Political will and partnerships are key to ending child labour, says ILO’s Joni Musabayana — Global Issues

Dr. Joni Musabayana, director of the International Labor Organization (ILO), says strong commitments and political will will be needed to end child labor in Africa. Credit: Fawzia Moodley/IPS
  • by Fawzia Moodleydurban)
  • Inter Press Service

Speaking to IPS in an exclusive interview at the 5th World Conference on the Elimination of Child Labor in Durban, Musabayana was optimistic despite the rise in child labor around the world. International efforts to end the scourge are under pressure to meet the United Nations goal of ending child labor by 2025.

Musabayana also discussed the Durban Call to Action, which is expected to be ratified at the end of the conference.

“It’s not so much about legally binding as it is about giving impetus to accelerate efforts to address a problem using good practices.”

Musabayana says the sizeable contingent of high-level African delegates bodes well for the continent, which bears the heaviest burden of child labour.

“It is agreed that of the 160 million children in labor, 92 million are on the African continent. The participation of 60% to 70% of the African delegates, just by coming, demonstrates their commitment to redouble their efforts to tackle this scourge.”

The key drivers of child labor in Africa are agriculture, bonded labor on farms, mining, fishing, the sexual exploitation of young children, and domestic and informal work.

“Multi-stakeholders and an integrated approach are needed. It is not just about the government, but it has to show leadership because the fundamental pillars to solve child labor are largely access to free education, food plans for children and child support subsidies.

“These are policy instruments where South Africa is showing leadership. Other African countries are following, and they are pointing us in the direction of what to do.”

Political will and partnerships are vital to ending child labour.

Says Musabayana: “What we need is additional political will, which we hope this conference will generate, to ensure that these programs are adequately resourced, well implemented and well monitored.

“Partnerships must be established with civil society, employers who employ child labor and unions who work with these children.”

He encourages the media to expose cases of child labour, “if only I could say ‘name and shame’ those who continue to perpetuate this abhorrent practice.”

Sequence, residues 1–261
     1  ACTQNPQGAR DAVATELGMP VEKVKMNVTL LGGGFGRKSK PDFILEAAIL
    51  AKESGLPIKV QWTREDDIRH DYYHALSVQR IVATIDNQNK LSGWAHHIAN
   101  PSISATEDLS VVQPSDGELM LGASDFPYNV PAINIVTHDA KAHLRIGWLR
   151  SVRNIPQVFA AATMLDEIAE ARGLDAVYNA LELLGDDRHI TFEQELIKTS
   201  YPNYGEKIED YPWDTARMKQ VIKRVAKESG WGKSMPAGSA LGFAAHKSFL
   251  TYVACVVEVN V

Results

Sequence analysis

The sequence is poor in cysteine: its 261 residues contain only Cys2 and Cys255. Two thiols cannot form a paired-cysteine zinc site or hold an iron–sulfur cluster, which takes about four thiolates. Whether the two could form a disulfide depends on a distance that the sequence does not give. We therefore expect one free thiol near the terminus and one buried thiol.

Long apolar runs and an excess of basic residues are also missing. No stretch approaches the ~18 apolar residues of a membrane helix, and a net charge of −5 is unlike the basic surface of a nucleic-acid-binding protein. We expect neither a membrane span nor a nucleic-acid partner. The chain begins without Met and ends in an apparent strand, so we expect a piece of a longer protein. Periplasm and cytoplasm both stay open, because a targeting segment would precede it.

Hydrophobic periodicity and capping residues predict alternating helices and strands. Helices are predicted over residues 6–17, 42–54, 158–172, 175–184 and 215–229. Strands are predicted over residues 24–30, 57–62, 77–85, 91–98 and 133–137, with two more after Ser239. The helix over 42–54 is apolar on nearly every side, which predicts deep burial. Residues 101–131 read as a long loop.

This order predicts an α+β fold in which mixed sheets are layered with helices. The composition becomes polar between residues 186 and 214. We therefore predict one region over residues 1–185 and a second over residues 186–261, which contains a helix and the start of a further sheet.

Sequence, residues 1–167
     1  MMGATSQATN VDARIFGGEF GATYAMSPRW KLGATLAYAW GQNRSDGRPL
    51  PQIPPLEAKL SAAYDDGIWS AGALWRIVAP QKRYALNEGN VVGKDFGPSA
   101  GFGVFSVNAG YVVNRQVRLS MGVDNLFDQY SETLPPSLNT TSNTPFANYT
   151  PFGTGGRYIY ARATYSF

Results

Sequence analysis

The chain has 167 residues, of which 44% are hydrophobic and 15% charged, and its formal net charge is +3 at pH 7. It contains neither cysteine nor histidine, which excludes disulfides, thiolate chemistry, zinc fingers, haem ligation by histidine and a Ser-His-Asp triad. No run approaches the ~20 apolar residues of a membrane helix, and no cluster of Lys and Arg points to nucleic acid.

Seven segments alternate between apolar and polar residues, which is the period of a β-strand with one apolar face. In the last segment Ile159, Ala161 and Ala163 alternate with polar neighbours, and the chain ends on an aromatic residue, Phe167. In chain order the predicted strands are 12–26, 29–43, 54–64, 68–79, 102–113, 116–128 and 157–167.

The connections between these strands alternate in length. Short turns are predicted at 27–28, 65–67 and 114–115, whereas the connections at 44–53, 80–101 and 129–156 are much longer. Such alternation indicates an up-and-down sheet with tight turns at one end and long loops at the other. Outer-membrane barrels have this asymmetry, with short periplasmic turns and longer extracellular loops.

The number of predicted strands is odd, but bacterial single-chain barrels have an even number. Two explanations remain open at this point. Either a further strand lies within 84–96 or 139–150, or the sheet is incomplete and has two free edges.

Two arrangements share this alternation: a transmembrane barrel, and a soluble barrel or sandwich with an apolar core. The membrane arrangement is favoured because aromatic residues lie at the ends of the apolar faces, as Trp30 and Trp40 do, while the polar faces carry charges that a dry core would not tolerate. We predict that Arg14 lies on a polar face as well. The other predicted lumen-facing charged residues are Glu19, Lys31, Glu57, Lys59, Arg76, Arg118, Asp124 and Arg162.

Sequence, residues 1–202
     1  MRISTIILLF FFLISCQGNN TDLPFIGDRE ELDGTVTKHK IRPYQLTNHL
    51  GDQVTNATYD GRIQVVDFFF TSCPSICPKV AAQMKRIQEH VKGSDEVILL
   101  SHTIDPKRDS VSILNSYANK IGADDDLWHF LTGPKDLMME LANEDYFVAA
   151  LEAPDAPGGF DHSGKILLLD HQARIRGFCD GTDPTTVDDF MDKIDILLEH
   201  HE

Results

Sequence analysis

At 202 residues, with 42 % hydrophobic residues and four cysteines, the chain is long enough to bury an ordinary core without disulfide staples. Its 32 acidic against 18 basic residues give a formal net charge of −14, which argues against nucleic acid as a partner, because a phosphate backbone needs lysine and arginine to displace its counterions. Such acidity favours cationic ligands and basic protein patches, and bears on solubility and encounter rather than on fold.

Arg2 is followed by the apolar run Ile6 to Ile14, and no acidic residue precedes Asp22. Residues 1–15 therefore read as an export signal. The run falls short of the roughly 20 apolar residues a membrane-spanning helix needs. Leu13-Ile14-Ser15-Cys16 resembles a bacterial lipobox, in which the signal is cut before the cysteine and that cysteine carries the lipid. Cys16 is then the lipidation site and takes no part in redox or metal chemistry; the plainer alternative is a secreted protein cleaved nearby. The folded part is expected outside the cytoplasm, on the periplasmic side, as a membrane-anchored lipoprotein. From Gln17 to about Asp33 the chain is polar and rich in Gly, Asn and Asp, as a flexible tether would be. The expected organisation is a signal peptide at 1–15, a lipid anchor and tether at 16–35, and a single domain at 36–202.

On the subject of global supply chains, he says: “We are happy that the CEOs of Nestlé and Cocoa Cola have been with us and other big companies. (It is) important to see that it is not acceptable for them to obtain products and services manufactured and facilitated through child labour.

However, talking is not enough.

“It is not enough to make this point, but it is crucial to cut off access to goods and services associated with child labor in your value chain.”

Musabayana adds: “The most critical is the end consumer, whether it be in China or the US or even on the African continent or in Europe. I think everyone hates products and services obtained through child labour, and we need to highlight what products are on the market and why end consumers should disassociate themselves from them.”

It has emerged that many child laborers are employed by their own families. Musabayana blames this on poverty, saying that no parent “willingly says that I will send my child to work on a farm that uses dangerous chemicals.”

For this reason, the ILO seeks social protection for vulnerable families “to ensure that no one falls below a certain level of human survival.”

It also supports social support grants and basic income grants.

“These are policy instruments to ensure that families are not so needy and hungry, or so needy that they feel the need to use children to increase family income.”

But where will the money come from?

“Clearly the affordability of social security packages is a necessary debate, but we will always start by saying that if you think it is expensive to have a social protection scheme, try the alternative.

“What kind of society would we have? We already have a fairly unequal society, and then what happens if we don’t take clear measures so that those at the base of the pyramid lead a decent life”, asks Musabayana.

Earlier this week, Nobel laureate Kailash Satyarthi told the conference that the estimated cost of a social protection package for all children was US$53 billion per year.

As for a living wage, Musabayana says: “The ILO has supported the concept of a national minimum wage and the principle of collective bargaining so that workers must negotiate with their employers an agreement on what is fair pay.”

The ILO also supports a national living wage. But Musabayana says it must be done responsibly: “We must have a phased approach to make it affordable and the companies that are supposed to bear this cost can still make a profit because we must not kill the goose that lays the golden eggs. ”

“I don’t think we should give up now and throw our hands in the air. We must make sure that, in 2025, we can say: we accelerated, we eliminated many children, but more importantly, we must make sure that there are no more children who go into child labour.”

© Inter Press Service (2022) — All rights reservedOriginal source: Inter Press Service

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